Booze: A Universal Language

According to NASA the Universe is composed of dark energy, dark matter, and atoms which make up bodies such as stars and planets.  There is also something unexpected. Deep in interstellar space there is a vast cloud of alcohol composed of ethanol and methanol measuring billions of miles across.  It is located at the centre of the Milky Way 26,000 light years or 150 quadrillion miles away from earth.  This proximity has raised a fascinating hypothesis about the initial formation of complex carbon molecules on this planet.  Did the alcohol build up into carbon polymers and hitch a ride on comet heads that dispersed space dust on to the earth’s surface?   If so then could it be that the primordial soup in which simple life developed was really a primordial cocktail?

Those single celled life forms needed energy and this came from sugars.  Once ingested the sugars fermented and created waste products of alcohol and carbon dioxide.  Glycolysis, or sugar fermentation, is believed to be the earliest form of energy production used by life on earth so 3.6 billion years ago alcohol was a major factor even in primitive bacteria society.

Around 100 million years ago the first fruit bearing trees appeared. For sugar loving creatures from insects to higher mammals this was the equivalent of an off license opening.  Sugar oozing from the fruit attracted airborne yeast cells to ferment it so when insects and animals followed their nose to the syrupy prize they gobbled it up and became gently intoxicated on the alcohol that was the by-product of fermentation. Early hominids originated in what is now Africa and they lived largely on a diet of fruit. In the warm climate of their homelands ripe fruit would have quickly fermented giving an exciting buzz.  This was not forbidden fruit however and it spurred our ancestors and animals to actively seek it out.  Fermentation is highly beneficial because the nutritional value of the food is enhanced with increased amino acid and vitamin levels.  Those augmented calories would sustain whoever ate them and help survive a hostile environment.  Fermentation also made the food easier to digest, supplying nutrition and energy that caused the brain to grow larger.

Archaeologists believe that humans started purposely making alcoholic beverages in the Paleolithic between 2.5 million and 20,000 years ago – a more specific timeframe is not possible.  Ingredients varied depending on where they lived – palm sap, figs and other fruits in Africa, wild grapes in the Caucasus.  Honey was widely available everywhere and so Mead would have been an early beverage, if not the first.  Later when it was discovered that root crops and wild cereals could be fermented almost everything growing in soil was fair game.  No-one understood what caused food to turn as if by magic into nourishing alcohol so when religion became a part of the human experience, it was understood that alcohol was a gift from the deities and they were worshipped accordingly with libations offered in sacrifice.  Even today alcohol is central in some Christian and Jewish rites and wine is mentioned in the holy books as God given.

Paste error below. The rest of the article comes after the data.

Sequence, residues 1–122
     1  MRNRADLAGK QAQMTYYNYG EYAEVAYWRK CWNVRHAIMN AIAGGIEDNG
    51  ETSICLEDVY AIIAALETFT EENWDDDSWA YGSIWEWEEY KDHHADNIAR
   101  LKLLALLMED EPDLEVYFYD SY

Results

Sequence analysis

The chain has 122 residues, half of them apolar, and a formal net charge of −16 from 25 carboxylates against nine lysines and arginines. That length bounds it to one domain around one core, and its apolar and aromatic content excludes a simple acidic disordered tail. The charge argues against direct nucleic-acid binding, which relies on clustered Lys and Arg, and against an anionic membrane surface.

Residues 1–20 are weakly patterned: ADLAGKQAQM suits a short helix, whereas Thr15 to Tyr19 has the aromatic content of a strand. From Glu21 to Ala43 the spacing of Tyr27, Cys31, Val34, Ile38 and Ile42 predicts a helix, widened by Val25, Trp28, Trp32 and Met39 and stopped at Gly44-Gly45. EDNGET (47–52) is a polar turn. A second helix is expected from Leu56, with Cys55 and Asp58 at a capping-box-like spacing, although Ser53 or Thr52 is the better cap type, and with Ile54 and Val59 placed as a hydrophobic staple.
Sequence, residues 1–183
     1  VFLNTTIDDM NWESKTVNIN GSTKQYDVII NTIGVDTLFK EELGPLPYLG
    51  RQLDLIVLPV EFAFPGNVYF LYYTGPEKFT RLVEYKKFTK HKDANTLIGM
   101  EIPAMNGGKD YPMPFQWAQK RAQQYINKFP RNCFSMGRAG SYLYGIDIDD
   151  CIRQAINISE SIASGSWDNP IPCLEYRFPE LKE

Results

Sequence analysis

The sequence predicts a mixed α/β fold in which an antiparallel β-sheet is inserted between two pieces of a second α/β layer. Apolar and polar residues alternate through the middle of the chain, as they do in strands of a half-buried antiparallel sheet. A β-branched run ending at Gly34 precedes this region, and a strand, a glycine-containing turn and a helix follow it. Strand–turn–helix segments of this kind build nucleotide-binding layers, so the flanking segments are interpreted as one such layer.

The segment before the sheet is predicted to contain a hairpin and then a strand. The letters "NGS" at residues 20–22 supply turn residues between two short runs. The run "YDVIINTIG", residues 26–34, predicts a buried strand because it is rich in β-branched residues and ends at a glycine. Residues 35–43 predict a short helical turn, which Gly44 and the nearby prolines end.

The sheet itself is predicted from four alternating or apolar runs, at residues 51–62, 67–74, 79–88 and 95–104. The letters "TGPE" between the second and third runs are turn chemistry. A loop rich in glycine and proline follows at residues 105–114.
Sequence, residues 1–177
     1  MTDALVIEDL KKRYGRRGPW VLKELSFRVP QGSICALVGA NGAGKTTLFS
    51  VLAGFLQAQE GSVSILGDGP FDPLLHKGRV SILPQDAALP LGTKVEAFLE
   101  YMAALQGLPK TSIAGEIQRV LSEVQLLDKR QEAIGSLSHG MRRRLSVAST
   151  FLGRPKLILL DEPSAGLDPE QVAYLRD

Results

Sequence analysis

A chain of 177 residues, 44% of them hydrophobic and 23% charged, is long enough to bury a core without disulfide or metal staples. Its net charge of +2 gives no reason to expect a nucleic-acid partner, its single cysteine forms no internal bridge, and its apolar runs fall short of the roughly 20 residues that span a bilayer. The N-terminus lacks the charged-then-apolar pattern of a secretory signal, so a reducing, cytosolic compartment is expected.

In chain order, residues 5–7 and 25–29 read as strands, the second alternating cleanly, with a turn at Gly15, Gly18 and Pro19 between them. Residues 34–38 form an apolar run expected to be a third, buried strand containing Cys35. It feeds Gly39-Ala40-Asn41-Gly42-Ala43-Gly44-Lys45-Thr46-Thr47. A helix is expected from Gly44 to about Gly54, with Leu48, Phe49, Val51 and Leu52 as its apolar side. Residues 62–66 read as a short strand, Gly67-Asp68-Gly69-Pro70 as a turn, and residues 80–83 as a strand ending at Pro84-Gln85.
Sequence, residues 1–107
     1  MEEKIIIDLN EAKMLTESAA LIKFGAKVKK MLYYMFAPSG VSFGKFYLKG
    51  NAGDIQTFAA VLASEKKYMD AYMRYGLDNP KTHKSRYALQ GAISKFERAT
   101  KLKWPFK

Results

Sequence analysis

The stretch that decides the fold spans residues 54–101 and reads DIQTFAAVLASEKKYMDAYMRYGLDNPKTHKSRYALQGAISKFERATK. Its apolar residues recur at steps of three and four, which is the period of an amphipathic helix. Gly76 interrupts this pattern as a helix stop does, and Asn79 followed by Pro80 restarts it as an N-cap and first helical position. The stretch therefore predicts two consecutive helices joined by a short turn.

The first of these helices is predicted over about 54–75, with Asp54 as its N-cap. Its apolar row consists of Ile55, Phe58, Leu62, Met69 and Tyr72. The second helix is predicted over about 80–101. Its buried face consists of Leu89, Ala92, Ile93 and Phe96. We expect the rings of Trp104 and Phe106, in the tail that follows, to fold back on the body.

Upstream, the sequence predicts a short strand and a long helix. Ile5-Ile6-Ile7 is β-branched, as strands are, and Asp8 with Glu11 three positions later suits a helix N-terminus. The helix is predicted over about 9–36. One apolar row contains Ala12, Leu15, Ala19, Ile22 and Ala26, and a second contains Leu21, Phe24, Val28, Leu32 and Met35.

Unknown to the drinkers their habits gave them an advantage over the abstemious because fermented food contains beneficial microflora called lactobacillus acidophilus which aid digestion, maintain healthy intestines and boost immune system functions. Alcohol also kills harmful microorganisms in food and water. Our early drinking ancestors lived longer, and reproduced more.  Alcohol’s psychotropic effects made them cheerful and less inhibited, encouraged singing, dancing, flirting.  Even when the party ended with fighting or face down on the savannah alcohol’s effects were too seductive to resist.

Different cultures throughout the world most likely started drinking independently with no knowledge of the others. But trade and exploration certainly spread the habit and appreciation of this mystic gift of nature. Major routes such as the Silk Road, river Nile, and Great Rift Valley were the equivalent of information superhighways.  Alcohol is a social lubricant and helped to build community bonds, ease negotiations, resolve disagreements, seal contracts, commune with deities, perform rituals and celebrate significant events.  In many cultures alcohol was, and in many places still is, central to society and features in all communal activities.  In English when someone says ‘Let’s go for a drink’ they do not mean a cup of tea.

Alcohol has been used over millennia as a universal palliative due to medicinal properties such as pain relief, anti-oxidant, anti-septic, and to fight disease. Ancient societies in Egypt, Mesopotamia, China, Greece, and Rome used alcohol internally and externally to treat ailments and also used it as a delivery method in which to dissolve medicinal herbs and spices.

Apart from countries where alcohol is forbidden for religious reasons almost every nation in the world produces some type of booze – most commonly this is pilsner lager.  Drinking is a custom that knows no cultural or class boundaries – it is a universal language.

In modern society there is no escape from alcohol. It is in countless everyday goods such as perfume, deodorant, mouthwash, and cleaning products.  It is even present in the guts of people who consume carbohydrates which is almost everyone on earth.  Sugars in food are fermented by intestinal microflora in a process called Auto Brewery Syndrome.  But the amount of alcohol produced is not enough to make a cocktail with, nor is it an excuse to use in court for being over the limit when driving!


This blog is an abridged chapter from Jane Peyton’s book ‘Drink:  A Tippler’s Miscellany. Buy a signed copy of the book here.